Line Diameter and Pound Test

Fishing line has a number of qualities that are important to the angler.   Two of the most misunderstood are line diameter related to pound test.   The fish don't know what pound test is.    You often will hear anglers say things like "We had to use 6lb test in order to catch fish, 8lb wasn't working as well".    Yet one company's 6lb test can be thicker than another companies 10lb test!  So knowing the brand and diameter of the line being used would be more important than just the pound test.    Line diameter affects the line capacity of your reel, the sink rate of the line and the action of your lure.   It also affects the ability of the line to withstand nicks and toothy critters' teeth.    I like to use the thinnest line per pound test I can find in most instances.    When anglers are casting lures or fishing live bait and complain that their line is too heavy, it's the diameter that is often retarding their casting ability, lure action or live-bait presentation.   Thick line can really hamper the action of a lure as well as impede the swimming action of a live minnow.    I don't think most fish are nearly as line shy as anglers give them credit.  

Pound test is an arbitrary label.  Many lines listed as testing "10lbs" actually break at 12 or 13lbs.   Sometimes even higher.   There's nothing to stop a company from marketing actual line testing at 14lbs test as the following:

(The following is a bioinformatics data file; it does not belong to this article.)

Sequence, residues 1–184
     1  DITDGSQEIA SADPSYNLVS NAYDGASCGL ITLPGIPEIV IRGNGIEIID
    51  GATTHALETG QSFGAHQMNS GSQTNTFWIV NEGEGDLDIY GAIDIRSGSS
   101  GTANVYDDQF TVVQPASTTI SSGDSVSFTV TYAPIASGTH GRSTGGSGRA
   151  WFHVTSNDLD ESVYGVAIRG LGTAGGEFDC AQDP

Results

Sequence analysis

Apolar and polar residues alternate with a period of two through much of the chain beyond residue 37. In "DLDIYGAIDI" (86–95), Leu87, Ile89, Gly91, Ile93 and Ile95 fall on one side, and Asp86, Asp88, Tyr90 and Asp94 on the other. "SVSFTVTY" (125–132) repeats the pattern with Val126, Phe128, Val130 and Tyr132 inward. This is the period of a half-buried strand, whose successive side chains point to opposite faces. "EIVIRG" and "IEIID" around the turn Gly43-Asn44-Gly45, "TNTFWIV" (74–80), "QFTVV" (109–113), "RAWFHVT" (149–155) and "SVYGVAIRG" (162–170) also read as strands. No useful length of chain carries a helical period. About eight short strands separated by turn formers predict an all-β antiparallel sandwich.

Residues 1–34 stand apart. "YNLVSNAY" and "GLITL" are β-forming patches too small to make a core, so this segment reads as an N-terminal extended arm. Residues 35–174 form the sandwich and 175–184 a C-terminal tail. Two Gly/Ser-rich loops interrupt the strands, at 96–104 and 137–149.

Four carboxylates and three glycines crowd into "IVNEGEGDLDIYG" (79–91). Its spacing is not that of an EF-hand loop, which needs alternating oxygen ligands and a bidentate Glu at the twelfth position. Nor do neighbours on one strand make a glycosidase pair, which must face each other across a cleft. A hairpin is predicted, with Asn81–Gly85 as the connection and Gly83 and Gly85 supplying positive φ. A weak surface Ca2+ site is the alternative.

Superstrong 8lb test

High grade 10lb test

Ultra thin 14lb test

It's ridiculous but true.  In Europe anglers are more concerned with line diameter than pound test from what I've heard.   Let's compare a few lines and their diameter vs. labelled breaking strength  - and keep in mind that these diameters and pound test ratings are probably erroneous as well!:

Damyl Tectan 13.9lb test has a diameter of .0098"

Yozuri Hybrid's 12lb test has a diameter of .013"

Sufix Siege 6lbs test has a diameter of .010"

Edge Flourocarbon in 12lb. test has a diameter of .013 but a listed "breaking strength" of 17.6lb test.   How idiotic is that?  At least they are being honest with you (or so it seems.)  Why is it called 12lb. test?  

P Line Spectrex IV has a "15lb test" that has a "4lb diameter" (whatever that is) and it's listed diameter is .009".  If you compare it to Tectan, it's a 13.9lb diameter.

12lb P Line Flourocarbon has a listed diameter of .011".  

Maybe fishing lines should be used as good examples of "Marketing Gone Wild" in Marketing Classes.   My advice is to look at the pound test rating, but also be very aware of the diameter of your line.   Don't be fooled into being impressed by the strength of one companies 6lb test when in reality it's just 14lb test being sold as 6.